We had an issue where the tenant sublet the apartment, the sublessors paid the tenant, but the tenant did not pay the landlord. Who does the landlord go after? Basically, your agreement is with your tenant; that is who you have to pursue for collection (and possible eviction). However, it would not be a bad idea to talk with the sublessors and maybe have them apply for the unit. You might be able to make everyone happy by accepting an early surrender of the lease from your original tenant and entering into a new agreement with the sublessors. Keep in mind though, if you sign a new lease with the sublessors without getting some kind of release from your original tenant, you now have two valid leases for that unit which could be a problem if the original tenant would ever want to move back in.
A question came from a landlord who took my class about something that happened to them in court. They had a tenant who mid-way through the lease wanted a pet, and the landlord changed their normal no-pet policy to allow them to have one. However, the pet ended up doing a great deal of damage. When they went to court, the judge said that because the landlord changed the rules, they are not entitled to any damages because by allowing a pet, they allow the damages that come with pets. That is not entirely true. A landlord is always allowed damages from neglect, but is never allowed damages from normal wear and tear, and we have already said that can sometimes be a blurry distinction. The judge was correct that the level of “normal wear and tear” with a pet is justifiably different than without one. However, if the damage was caused by neglect (cat urine soaked carpet would probably be the most common example), that should still be allowed. Cats don’t, as a rule, do their business on the carpet. They are clean critters and prefer to do their business in a litter box. However, if the litter box is not maintained and cleaned regularly, they won’t go potty in a dirty potty. Just because a landlord allows cats, that does not now mean that they must accept urine stained carpet as “normal wear and tear.” As a household with 4 cats, I can tell you that with proper care, cats won’t wee outside their box.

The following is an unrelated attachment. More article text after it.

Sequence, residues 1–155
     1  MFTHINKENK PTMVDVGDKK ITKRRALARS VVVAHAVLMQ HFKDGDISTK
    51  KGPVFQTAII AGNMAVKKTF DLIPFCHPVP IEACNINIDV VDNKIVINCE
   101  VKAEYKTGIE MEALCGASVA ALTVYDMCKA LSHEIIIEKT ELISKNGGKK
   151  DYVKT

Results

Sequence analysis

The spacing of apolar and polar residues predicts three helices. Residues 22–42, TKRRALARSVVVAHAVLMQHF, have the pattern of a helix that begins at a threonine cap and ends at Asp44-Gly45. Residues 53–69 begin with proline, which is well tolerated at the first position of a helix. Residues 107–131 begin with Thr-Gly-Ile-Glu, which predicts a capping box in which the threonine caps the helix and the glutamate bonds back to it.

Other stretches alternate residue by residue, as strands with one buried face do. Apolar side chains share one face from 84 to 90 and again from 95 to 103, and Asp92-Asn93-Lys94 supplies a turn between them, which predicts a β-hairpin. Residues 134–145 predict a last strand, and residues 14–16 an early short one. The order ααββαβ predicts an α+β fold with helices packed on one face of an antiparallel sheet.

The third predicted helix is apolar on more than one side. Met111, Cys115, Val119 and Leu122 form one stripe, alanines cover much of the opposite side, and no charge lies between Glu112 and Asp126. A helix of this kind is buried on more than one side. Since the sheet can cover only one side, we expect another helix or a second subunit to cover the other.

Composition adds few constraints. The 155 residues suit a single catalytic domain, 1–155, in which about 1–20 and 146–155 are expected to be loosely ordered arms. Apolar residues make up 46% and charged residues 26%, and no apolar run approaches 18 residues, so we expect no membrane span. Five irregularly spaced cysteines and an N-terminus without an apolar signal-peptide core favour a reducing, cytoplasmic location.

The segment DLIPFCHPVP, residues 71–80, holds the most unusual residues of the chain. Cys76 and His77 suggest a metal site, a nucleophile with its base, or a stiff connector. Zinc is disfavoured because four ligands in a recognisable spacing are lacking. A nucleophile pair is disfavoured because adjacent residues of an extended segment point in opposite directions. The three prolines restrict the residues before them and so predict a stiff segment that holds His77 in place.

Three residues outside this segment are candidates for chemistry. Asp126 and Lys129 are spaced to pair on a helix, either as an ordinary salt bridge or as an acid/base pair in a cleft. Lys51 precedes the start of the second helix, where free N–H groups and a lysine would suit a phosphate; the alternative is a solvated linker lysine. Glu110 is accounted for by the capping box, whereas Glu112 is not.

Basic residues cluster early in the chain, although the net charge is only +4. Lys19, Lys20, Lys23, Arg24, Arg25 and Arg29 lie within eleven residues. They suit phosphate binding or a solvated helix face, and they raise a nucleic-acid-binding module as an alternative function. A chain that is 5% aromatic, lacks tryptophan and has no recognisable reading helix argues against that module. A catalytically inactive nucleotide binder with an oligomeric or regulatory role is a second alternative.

It appears that covering two weeks worth of questions will take up a very long blog entry, well bear with me, we just have two more to go.